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Print carriage

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Print carriage


A system and method for depositing a substance onto a continuously moving substrate in first and second transverse swathes, is achieved by providing a print carriage having a first set of inkjet heads and a second set of inkjet heads. The carriage is traversed across the substrate in a forward pass, while depositing the first and second swathes from the respective first and second plurality of inkjet heads and subsequently traversed across the substrate in a reverse pass. The first and second sets of inkjet heads are arranged such that the first and second swathes complement one another on both forward and reverse passes to provide substantially complete coverage of the substrate. In this manner complementary swathes may be deposited from a single head.

Browse recent Xennia Holland B.v. patents - Almelo, NL
Inventors: Alan Hudd, Gerrit Koele, Simon Bennet
USPTO Applicaton #: #20120281043 - Class: 347 37 (USPTO) - 11/08/12 - Class 347 


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The Patent Description & Claims data below is from USPTO Patent Application 20120281043, Print carriage.

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CROSS-REFERENCE TO RELATED APPLICATIONS

This application is a continuation of PCT patent application number PCT/EP2010/055769 filed on 28 Apr. 2010, which claims priority from United Kingdom patent application number GB 0907362.8 filed on 29 Apr. 2009. Both applications are hereby incorporated by reference in their entireties.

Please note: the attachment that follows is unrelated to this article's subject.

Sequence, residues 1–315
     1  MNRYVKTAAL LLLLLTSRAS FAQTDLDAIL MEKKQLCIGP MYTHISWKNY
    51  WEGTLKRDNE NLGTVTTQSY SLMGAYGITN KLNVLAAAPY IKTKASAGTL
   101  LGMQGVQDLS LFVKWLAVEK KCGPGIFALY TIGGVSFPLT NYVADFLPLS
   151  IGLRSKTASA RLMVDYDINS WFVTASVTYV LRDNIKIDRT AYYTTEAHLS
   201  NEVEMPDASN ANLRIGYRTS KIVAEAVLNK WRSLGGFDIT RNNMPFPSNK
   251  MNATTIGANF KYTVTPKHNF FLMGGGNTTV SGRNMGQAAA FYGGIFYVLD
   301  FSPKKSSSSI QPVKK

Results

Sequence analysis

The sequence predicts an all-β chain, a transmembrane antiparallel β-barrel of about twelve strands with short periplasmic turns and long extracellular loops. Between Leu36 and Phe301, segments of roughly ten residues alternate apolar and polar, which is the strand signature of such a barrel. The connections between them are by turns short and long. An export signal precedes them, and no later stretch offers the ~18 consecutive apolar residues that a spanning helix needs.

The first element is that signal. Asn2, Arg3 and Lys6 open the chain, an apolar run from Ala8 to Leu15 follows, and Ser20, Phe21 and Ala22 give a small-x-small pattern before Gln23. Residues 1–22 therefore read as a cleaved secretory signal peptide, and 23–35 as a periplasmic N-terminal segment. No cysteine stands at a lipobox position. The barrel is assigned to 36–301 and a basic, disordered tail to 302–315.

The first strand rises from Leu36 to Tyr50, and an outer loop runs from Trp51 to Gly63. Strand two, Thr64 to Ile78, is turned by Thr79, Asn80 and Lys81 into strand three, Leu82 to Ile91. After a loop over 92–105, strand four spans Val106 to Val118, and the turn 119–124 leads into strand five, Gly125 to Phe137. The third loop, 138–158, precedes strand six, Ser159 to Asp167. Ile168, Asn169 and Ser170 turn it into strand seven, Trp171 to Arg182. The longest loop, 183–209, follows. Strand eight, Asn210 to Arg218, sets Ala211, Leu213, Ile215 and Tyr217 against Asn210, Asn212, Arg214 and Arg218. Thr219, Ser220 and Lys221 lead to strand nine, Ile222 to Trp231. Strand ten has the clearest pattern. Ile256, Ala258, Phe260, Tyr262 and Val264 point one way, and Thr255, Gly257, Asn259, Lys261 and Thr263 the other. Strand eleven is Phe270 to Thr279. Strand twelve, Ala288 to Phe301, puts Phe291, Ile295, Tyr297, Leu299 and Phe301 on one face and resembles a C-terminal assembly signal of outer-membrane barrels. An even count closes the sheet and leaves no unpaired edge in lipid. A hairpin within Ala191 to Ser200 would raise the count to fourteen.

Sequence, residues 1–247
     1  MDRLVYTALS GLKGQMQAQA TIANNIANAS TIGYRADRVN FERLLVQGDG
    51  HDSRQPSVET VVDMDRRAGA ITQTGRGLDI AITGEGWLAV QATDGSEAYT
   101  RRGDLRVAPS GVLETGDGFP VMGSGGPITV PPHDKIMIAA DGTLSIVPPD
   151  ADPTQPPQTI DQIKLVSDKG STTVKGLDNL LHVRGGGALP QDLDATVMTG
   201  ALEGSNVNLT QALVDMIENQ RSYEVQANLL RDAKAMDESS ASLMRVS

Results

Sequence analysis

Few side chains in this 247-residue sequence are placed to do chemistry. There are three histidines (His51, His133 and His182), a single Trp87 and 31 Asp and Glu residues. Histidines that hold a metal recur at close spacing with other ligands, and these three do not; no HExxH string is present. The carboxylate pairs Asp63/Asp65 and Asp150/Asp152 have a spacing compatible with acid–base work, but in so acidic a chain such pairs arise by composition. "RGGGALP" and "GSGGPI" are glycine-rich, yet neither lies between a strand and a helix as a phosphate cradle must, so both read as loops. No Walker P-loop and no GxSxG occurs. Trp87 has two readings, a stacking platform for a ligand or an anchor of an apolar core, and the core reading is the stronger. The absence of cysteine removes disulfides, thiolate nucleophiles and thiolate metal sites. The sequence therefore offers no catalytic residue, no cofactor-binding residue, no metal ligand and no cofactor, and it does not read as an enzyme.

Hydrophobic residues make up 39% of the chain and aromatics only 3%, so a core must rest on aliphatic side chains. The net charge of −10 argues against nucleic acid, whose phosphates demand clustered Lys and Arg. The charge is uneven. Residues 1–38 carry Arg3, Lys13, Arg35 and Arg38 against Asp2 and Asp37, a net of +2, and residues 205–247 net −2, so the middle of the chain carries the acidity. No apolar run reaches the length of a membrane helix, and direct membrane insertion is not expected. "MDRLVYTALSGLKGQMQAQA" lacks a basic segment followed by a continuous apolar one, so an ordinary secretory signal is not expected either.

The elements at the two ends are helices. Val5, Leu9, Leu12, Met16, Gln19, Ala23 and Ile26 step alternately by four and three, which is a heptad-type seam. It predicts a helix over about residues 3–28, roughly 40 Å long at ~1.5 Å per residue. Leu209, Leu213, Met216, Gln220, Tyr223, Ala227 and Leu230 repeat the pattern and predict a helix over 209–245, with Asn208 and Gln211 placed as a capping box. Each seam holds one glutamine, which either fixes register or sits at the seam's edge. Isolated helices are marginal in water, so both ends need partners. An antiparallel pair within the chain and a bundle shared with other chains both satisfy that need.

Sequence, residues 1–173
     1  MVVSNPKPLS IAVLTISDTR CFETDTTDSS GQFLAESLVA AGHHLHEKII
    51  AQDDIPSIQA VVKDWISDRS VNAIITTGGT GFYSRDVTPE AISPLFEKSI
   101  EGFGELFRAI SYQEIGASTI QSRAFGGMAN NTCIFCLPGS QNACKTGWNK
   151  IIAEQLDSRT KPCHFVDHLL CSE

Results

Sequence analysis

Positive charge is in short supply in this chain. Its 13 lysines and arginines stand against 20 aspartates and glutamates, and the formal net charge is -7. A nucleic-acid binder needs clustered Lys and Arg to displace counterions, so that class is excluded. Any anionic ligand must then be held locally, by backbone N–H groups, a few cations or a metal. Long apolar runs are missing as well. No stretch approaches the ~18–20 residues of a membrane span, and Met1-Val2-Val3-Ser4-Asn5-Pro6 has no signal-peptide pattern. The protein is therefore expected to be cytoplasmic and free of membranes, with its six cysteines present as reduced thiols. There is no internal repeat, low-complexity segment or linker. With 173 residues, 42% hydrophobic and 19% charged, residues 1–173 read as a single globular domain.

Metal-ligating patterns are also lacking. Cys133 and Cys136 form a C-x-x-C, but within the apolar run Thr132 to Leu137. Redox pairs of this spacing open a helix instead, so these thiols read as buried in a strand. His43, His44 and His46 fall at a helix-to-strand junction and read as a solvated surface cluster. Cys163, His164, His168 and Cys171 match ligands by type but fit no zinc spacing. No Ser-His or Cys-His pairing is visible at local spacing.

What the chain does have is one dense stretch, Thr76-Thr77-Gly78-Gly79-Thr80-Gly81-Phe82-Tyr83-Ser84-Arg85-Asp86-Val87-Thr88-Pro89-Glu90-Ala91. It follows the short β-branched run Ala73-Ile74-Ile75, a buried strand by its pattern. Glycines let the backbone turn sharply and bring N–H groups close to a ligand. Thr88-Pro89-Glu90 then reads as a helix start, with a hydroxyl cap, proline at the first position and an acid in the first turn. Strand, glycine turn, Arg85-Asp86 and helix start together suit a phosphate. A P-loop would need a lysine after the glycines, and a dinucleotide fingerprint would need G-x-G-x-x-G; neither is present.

BACKGROUND OF THE INVENTION

1. Field of the Invention

The invention relates generally to a print carriage for the deposition of a substance onto a substrate using printing techniques and the like. The invention further relates to a printer provided with such a print carriage and to procedures for performing deposition in a continuous process, in particular in the fields of textile printing and finishing.

2. Description of the Related Art

Systems for inkjet printing of images and text onto a substrate are generally known. Many such systems are adapted to desktop or office application and are well suited for performing printing onto A3 or A4 sized paper or the like. For wider substrates, more specialized machinery is required, in particular when high speed is important. For such applications, inkjet printing techniques may be used but lithographic and conventional printing techniques are still generally favoured.

For textiles, inkjet printing techniques have also recently been developed as an alternative to traditional printing, dyeing and coating techniques. These techniques are generally distinct from those used in the graphics field, due to material and dyestuff considerations. Attempts have also been made to adapt inkjet deposition techniques for textile upgrading and finishing procedures. A characteristic of these processes is often that they require considerable volumes of product to be deposited across the whole textile surface. In many situations, the uniformity of the deposition or coating is of paramount importance as the quality of the fabric depends upon it. This uniformity may be important from a visual perspective (absence of streaks or blemishes) and also from a functional perspective (waterproofing or flame retardancy).